Post’s evaluation of commentary pages needs your help and the light of day

Last week Denver Post Editorial Page Editor Curtis Hubbard fired back at all those people who’ve said The Post’s commentary pages favor right-leaning points of view over left-leaning ones, or vice versa.

Hubbard presented the results of a bean-counting project conducted during the first quarter of 2012. He categorized editorials and columns on the Post’s commentary pages as being left of center, right of center, or  “nonpartisan or centrist.”

In his weekly column, Hubbard wrote that the majority of the opinion content was “nonpartisan or centrist” (43 percent of “local columns,” 55 percent of editorials, and 54 percent of syndicated columns).

Partisan opinion content was found to be mostly left of center according to Hubbard’s admittedly subjective count. Local columns were 32 percent left-of-center versus 25 percent right-of-center, editorials 26 percent versus 19 percent, and syndicated columnists 29 percent left-leaning versus 18 percent right-leaning.

In his column, Hubbard claimed that he had all the data in a spreadsheet.

Great, I thought, he can just shoot it over to me.

So I asked him for it, because media bean-counting is fun to audit, for me. And it can provide an excellent starting point for debates about the media.

“I hadn’t considered making it available for public review,” he emailed me.

This was a surprise to hear from an outfit that wants Mitt Romney to release his tax returns for public review. I trust Hubbard more than I trust Romney, but I like to verify what both of them say. Plus the ensuing debate about categorization would be educational. I hope, after due consideration, Hubbard releases his spreadsheet.

I asked Hubbard if he’d share his “local-columnist” data starting from the date of the departure of Mike Littwin. Last year, I showed (with bean counting) that the Post’s local columnists were fairly well balanced on the left-right scale. But with Littwin gone, I worried the opinion page would veer right with no in-house columnist to counter Vincent Carroll.

Hubbard wrote that “23 columns were published since Littwin’s departure [March 20], including work by Rosen, Hubbard, Carroll, Quillen, Andrews, Ditmer, and Barnes-Gelt.”

Of these 23 local columns, six were categorized as from the right, six as from the left, and 11 as non-partisan or centrist, according to Hubbard.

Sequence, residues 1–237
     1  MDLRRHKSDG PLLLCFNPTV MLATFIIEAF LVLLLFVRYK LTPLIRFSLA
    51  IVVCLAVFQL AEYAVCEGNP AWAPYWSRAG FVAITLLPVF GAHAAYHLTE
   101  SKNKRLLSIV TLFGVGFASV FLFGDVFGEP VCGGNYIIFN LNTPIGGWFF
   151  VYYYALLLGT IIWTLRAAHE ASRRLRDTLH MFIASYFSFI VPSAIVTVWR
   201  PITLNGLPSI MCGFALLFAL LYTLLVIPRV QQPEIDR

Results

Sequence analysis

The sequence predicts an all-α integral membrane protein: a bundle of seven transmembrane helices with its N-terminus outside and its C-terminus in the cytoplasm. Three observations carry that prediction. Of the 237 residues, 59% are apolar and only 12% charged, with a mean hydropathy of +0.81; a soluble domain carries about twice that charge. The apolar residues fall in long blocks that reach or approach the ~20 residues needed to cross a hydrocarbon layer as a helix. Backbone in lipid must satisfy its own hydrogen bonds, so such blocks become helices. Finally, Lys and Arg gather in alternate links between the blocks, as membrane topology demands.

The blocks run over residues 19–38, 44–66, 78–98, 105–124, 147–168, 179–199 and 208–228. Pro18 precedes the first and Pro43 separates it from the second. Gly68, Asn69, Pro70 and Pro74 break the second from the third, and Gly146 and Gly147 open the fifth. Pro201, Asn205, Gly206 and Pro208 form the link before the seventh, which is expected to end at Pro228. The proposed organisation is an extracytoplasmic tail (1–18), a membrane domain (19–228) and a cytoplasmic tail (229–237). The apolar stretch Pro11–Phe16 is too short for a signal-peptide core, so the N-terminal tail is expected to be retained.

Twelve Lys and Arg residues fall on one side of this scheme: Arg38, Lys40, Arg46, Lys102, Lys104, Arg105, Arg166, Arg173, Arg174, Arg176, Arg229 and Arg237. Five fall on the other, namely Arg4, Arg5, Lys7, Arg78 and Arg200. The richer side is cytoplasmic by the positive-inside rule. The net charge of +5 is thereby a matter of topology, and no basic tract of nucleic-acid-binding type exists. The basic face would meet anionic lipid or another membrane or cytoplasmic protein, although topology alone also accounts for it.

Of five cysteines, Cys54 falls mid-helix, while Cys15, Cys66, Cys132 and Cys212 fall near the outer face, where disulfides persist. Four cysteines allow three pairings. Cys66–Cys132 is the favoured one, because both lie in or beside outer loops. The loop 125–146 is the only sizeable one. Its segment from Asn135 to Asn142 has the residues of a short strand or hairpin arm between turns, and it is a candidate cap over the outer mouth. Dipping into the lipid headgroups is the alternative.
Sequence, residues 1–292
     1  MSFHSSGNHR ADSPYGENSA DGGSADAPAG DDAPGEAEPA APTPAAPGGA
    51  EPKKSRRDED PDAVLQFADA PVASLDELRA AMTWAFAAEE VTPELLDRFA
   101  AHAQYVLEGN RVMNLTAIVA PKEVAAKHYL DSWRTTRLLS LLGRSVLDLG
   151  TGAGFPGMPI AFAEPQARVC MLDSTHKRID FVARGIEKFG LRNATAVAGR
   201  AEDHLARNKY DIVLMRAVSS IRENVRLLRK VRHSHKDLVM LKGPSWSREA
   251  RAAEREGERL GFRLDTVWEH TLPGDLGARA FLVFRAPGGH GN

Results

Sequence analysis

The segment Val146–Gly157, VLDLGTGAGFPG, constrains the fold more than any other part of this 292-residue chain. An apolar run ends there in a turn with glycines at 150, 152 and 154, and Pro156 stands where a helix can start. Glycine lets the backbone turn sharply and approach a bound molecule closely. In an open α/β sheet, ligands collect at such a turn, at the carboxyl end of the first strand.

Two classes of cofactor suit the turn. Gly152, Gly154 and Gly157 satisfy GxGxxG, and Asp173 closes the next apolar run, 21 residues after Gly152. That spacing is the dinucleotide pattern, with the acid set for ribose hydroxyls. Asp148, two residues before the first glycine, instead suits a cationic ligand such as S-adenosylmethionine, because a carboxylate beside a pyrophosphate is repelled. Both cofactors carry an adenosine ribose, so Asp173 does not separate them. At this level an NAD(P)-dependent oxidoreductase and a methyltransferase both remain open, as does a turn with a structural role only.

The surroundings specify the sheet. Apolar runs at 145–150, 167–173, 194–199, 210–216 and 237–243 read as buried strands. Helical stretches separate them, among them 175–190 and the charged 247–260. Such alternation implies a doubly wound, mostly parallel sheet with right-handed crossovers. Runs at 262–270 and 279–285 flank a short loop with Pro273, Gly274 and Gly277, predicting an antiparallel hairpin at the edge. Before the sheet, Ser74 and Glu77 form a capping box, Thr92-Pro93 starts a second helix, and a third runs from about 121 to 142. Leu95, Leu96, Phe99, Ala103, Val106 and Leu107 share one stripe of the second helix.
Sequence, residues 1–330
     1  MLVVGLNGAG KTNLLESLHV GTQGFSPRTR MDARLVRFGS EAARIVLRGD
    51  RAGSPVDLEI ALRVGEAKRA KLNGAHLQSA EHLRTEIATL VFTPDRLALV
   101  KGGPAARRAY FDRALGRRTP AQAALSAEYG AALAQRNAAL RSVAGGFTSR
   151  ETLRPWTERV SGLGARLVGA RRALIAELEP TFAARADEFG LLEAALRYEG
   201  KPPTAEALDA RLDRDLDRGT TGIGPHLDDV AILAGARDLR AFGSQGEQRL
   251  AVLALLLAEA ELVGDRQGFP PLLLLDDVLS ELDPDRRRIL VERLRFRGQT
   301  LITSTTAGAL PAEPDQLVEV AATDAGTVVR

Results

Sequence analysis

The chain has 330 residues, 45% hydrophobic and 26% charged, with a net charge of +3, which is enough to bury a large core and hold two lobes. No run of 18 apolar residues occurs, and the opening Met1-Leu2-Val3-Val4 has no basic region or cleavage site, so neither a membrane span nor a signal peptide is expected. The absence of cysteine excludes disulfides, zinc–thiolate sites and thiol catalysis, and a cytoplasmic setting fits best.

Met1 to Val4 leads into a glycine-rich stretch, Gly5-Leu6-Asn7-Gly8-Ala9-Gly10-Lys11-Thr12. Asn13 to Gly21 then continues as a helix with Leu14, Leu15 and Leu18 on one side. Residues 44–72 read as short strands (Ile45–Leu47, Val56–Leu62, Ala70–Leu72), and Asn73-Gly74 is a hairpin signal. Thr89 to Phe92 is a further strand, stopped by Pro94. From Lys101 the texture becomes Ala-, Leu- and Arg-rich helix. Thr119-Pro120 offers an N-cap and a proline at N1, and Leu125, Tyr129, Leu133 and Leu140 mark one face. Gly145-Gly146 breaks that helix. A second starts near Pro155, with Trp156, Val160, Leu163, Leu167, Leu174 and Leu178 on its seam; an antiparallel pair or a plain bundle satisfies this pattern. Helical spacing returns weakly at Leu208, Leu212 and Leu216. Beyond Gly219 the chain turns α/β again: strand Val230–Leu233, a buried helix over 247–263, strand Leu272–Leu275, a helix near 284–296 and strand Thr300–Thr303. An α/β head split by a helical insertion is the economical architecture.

My audit of the same sample of columns showed them to be mostly right-leaning: seven centrist, six left-leaning, and 10 right-leaning. And my tally is only that close because I categorized four of nine columns by Vincent Carroll as “left-leaning.” That won’t happen typically, I’m guessing, but I could be wrong. (Worth noting is the fact that Carroll wrote 9 of 23 “local columns” that appeared in The Post during the first three-and-a-half weeks since Littwin left.) I’m happy to share my tally with anyone who wants to see it, by the way.

I asked Hubbard if he’d evaluated the political cartoons on the commentary page, and he replied that he had not done so but would start to do it going forward. That’s a good thing because my impression is that they lean right. But impressions are the worst kind of media criticism.

Hubbard wrote that readers’ feedback about his own bean counting had given him an idea, which sounds intriguing and innovative to me: add an interactive feature to the opinion section of The Post’s website that would allow site visitors to evaluate content (editorials, local columns, etc.) on a political scale. In other words, let readers count beans too.

Hubbard would like to “display for readers a feature that says something like ‘our grade’ of where a piece falls on the political spectrum and then allows them to vote. Ideally, it would be something that would keep a sort of running score sheet.”

Hubbard doubts that The Post has money to develop this Left-Center-Right feature, but he suggested that “if any of your astute readers would be interested in developing that piece of technology as a public service, I would be willing to discuss being their beta test site.”

It’s a great idea, and it would indeed be a public service. (And I’m not saying that just because he called you astute.)

And so, I extend the invitation.  Do you, or does anyone you know, have the expertise to aid in developing and implementing this feature? If so, contact Hubbard at The Post as soon as possible. (Any project in the newspaper industry these days is urgent.)

In any case, Hubbard wrote in his column that he plans to keep his internal spreadsheet up to date “to better inform our work moving forward.”

“Not only will it help to refute the charges of readers and campaigns in a highly charged election year, it will help us in our goal of producing opinion pages that are reflective and worthy of this great state,” he wrote in his column.

That’s true, especially if he can find a way to get readers involved and share his bean counting with us.

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